UNC: It's Always Too Early To Move on from a Championship Win

Rachel ScallContributor IApril 9, 2009

At first glance, everything seems normal on Franklin Street. Students are on their way to class, high schoolers are in town for a field trip, and people are running a few errands during their lunch break.

But at a closer glance, something just isn't right. Maybe it's that the signs for Franklin Street and South Columbia have been torn down. Maybe it's the abnormally large crowds pouring in and out of Chapel Hill Sportswear.

Or maybe it's the fact that the majority of people on Franklin Street are wearing brand new National Championship T-shirts.

It was two days ago that the Tar Heels won the NCAA Men's Basketball National Title, but basketball is never old news in Chapel Hill.

Silences between fans are filled with the phrase, "I can't believe this really happened."

Tar Heels of all ages stand on Franklin Street's sidewalk just looking at the road. Monday night, they couldn't see the pavement—they could only see the throng of fans cheering, hugging, and jumping over bonfires.

And while basketball season is officially over and a new banner will hang from the ceiling of the Smith Center, it is too soon for everything to return to normal.

Students talk to each other about rushing Franklin Street. Professors talk to their classes about Carolina's victory.

A line of community members pours out the front door of The Daily Tar Heel's office, with everyone waiting to purchase a copy (or three) of UNC's student paper. And the checkout woman at Harris Teeter wants to know how much I got my championship T-shirt for.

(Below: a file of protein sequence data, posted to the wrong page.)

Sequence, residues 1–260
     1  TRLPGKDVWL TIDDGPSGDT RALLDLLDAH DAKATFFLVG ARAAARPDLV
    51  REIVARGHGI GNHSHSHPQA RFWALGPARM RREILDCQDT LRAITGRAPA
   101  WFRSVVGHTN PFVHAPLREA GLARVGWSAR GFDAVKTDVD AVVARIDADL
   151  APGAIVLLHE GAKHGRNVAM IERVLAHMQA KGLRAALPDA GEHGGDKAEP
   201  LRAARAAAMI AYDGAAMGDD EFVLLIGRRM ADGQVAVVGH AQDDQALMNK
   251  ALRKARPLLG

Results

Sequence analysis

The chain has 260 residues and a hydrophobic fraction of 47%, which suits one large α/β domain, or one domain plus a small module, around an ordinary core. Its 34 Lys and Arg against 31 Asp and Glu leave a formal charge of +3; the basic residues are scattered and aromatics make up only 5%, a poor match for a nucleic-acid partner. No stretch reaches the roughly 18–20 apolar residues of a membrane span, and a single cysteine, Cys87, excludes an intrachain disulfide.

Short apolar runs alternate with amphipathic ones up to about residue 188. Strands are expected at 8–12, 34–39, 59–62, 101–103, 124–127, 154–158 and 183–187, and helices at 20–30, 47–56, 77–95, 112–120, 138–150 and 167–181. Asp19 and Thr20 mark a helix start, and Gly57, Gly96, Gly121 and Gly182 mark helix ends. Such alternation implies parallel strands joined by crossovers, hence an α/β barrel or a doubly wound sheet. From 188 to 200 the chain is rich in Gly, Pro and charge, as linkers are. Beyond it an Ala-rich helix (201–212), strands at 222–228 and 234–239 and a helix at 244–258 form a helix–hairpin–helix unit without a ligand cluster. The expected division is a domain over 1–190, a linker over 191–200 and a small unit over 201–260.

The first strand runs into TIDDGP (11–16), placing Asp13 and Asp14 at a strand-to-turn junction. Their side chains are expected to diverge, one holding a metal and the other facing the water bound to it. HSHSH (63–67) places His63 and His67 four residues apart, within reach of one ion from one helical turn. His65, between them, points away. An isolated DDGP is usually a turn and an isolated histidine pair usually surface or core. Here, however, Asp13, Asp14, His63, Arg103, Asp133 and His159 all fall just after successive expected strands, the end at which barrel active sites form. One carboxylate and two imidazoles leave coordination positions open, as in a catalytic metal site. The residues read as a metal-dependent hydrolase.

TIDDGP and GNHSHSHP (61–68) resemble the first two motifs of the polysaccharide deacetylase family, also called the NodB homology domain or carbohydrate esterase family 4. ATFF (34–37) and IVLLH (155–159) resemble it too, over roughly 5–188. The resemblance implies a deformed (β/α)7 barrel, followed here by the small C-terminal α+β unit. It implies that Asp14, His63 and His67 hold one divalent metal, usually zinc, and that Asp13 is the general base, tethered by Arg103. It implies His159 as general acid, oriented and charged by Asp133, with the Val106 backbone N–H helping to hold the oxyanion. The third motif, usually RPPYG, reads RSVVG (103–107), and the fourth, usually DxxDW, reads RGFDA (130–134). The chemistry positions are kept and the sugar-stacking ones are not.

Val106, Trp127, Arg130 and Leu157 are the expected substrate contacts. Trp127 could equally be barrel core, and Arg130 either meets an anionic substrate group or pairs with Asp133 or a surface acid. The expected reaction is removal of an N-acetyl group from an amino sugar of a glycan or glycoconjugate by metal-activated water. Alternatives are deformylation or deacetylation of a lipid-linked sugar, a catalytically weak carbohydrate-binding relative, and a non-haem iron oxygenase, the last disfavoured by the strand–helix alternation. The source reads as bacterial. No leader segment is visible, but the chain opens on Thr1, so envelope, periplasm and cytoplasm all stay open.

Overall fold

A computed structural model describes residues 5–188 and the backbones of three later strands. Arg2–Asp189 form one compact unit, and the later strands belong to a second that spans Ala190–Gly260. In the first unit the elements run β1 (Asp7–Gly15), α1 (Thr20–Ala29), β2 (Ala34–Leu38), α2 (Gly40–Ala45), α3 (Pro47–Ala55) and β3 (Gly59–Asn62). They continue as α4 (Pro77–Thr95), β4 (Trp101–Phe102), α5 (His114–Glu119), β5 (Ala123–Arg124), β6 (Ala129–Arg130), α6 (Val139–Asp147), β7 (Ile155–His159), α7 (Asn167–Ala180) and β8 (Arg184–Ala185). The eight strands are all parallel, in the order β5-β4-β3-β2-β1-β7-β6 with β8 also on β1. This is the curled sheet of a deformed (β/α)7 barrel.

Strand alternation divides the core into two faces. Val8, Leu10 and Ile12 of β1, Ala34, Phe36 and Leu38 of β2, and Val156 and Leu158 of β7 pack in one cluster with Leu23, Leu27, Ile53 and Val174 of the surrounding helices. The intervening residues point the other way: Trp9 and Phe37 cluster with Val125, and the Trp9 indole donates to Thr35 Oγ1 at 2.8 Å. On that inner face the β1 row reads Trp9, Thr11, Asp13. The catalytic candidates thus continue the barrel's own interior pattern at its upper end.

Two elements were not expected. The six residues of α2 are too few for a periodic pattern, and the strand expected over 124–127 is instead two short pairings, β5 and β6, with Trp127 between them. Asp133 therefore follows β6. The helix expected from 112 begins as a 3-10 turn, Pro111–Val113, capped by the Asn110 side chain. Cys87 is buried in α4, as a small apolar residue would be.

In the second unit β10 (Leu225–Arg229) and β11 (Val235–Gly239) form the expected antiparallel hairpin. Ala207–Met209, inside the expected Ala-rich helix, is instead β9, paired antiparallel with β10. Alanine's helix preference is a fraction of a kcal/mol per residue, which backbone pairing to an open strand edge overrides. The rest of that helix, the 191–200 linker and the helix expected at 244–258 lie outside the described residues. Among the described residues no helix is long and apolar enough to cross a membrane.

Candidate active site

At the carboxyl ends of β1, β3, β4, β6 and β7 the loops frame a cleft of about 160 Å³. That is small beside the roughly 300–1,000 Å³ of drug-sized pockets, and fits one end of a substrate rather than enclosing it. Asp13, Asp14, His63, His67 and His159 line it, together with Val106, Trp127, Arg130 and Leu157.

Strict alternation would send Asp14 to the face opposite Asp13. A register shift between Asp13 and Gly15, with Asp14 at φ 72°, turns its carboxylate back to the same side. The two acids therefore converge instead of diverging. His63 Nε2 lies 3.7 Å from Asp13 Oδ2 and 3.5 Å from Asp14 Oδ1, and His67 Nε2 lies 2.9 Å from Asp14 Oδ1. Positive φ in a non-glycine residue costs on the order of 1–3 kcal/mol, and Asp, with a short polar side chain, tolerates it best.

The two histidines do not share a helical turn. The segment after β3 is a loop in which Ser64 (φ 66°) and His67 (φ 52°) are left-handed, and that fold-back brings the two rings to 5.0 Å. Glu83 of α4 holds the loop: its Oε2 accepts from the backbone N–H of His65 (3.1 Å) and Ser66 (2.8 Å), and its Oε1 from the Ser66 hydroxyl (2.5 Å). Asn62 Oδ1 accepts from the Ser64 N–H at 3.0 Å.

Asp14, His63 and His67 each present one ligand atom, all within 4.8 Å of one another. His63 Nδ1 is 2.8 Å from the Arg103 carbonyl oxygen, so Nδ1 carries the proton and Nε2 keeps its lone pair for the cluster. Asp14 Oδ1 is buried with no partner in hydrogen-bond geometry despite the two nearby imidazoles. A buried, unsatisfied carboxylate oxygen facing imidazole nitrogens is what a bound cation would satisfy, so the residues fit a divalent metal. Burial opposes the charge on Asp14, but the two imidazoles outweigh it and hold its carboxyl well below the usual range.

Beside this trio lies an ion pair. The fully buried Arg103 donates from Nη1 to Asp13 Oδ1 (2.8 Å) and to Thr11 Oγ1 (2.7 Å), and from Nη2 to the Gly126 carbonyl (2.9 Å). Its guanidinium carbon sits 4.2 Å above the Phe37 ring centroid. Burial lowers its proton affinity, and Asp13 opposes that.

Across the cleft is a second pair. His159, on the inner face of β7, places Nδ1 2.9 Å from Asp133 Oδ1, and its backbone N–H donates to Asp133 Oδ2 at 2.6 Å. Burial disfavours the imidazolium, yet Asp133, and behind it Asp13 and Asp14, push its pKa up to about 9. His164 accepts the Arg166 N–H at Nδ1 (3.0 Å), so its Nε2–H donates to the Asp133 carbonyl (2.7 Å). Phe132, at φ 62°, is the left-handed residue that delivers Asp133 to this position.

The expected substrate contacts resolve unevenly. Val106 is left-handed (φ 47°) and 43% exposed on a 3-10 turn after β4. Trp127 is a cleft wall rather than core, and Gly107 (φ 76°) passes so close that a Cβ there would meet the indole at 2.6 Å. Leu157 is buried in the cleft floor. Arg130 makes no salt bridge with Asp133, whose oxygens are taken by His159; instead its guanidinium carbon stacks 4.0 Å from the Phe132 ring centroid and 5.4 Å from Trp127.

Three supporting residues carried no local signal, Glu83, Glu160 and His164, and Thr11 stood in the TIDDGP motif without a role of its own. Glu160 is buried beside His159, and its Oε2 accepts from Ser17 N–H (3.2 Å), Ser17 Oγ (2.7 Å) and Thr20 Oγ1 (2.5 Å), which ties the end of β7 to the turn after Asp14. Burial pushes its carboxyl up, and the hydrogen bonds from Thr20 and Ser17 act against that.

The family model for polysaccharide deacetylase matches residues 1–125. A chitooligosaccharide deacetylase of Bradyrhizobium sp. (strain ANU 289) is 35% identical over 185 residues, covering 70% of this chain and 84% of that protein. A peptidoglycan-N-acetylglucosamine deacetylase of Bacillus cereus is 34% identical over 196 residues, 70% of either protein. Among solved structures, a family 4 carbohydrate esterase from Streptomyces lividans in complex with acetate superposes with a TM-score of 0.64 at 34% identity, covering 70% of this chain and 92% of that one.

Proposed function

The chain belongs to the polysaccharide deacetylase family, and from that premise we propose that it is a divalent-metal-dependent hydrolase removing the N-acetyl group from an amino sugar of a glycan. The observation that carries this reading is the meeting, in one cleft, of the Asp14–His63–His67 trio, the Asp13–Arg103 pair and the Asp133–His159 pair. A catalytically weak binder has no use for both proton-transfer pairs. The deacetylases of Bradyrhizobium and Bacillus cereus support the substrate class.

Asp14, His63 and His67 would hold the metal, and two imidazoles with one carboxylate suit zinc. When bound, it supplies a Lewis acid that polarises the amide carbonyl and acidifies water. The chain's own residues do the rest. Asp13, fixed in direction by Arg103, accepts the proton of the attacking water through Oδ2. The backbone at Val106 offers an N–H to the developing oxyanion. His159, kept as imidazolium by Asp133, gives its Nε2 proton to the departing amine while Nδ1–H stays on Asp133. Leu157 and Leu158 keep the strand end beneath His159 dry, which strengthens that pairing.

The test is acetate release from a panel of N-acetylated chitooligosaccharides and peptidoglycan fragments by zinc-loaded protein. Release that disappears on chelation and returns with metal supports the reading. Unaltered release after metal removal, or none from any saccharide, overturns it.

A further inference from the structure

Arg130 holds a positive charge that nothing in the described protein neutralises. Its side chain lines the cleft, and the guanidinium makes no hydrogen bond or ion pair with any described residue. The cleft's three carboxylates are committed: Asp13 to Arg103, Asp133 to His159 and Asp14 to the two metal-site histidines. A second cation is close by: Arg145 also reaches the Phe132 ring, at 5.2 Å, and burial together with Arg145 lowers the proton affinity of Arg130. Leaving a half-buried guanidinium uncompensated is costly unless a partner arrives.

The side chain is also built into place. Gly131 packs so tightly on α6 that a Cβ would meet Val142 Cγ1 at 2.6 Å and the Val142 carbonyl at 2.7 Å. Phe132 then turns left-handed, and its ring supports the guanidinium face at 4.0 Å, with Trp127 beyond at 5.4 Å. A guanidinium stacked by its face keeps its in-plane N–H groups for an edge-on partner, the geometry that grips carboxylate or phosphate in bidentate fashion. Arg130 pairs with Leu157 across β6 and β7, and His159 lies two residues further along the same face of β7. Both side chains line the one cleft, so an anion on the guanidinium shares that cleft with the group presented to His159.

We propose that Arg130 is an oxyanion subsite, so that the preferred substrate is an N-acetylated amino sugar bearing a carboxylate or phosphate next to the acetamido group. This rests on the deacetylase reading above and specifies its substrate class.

There is a new sense of community in Chapel Hill, and it is built on basketball.

Growing up, my dad taught me to hate Duke, but I never bothered to follow college basketball.

That all changed last August when I began my freshman year at Carolina.

Basketball took over my life.

I participated in Carolina Fever, a program that allowed me to attend other UNC sporting events in order to earn basketball tickets. I made new friendships based on basketball. I learned to recognize every member of the team when I saw them on campus.

I was hooked: I wanted to win. I wanted to win it all.

Since losing to Kansas in the Final Four last season, all of my focus has been on the 2009 National Championship. Me and thousands of other Carolina fans.

And on Monday night, it actually happened. UNC won. UNC won a National Title.

The Smith Center erupted. Fans stormed the court before turning around and running over a mile to storm Franklin Street.

It was chaos and it was bliss. Fires were burning and people were pushing. People were hugging and jumping for joy.

It was emotional, to say the least.

About 50,000 people rushed Franklin Street Monday night. And while I'm happy I got to be one of them, I am most grateful that I was one of about 15,000 undergraduates who found themselves at Carolina for this championship.

Years from now, future generations of Tar Heels will stare at the 2009 championship banner hanging from the Smith Center rafters, thinking about how badly they want to win a championship.

Others will see that banner and remember what it was like to be in Chapel Hill when UNC won.

I've joked with my friends that Monday night was and will be the best night of my life—that the climax of my life came two days after my 20th birthday and it can only go down from here.

I know that's not true.

But as far as my life as a Tar Heel fan goes, it will be hard to top the feeling of winning this championship, the feeling of rushing Franklin Street, the feeling of the heat coming off a bonfire while surrounded by cheering fans.

Life doesn't stop with a National Championship victory, but Tar Heel fans will do their best to make time stand still for as long as possible. It's too early to move on.

For Carolina fans, it's hard to imagine what could seem as exciting as this victory.

Personally, I have to wonder what could top my first national championship.


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